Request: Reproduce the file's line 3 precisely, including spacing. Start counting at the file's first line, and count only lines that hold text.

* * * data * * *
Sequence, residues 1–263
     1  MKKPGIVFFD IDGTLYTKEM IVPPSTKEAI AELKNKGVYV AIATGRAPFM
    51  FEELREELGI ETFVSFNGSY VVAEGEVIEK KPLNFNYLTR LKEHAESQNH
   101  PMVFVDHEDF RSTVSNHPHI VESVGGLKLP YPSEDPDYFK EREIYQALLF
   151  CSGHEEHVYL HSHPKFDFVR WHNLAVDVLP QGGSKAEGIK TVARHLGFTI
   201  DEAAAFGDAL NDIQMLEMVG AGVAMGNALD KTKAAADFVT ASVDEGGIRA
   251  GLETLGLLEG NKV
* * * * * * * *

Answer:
    51  FEELREELGI ETFVSFNGSY VVAEGEVIEK KPLNFNYLTR LKEHAESQNH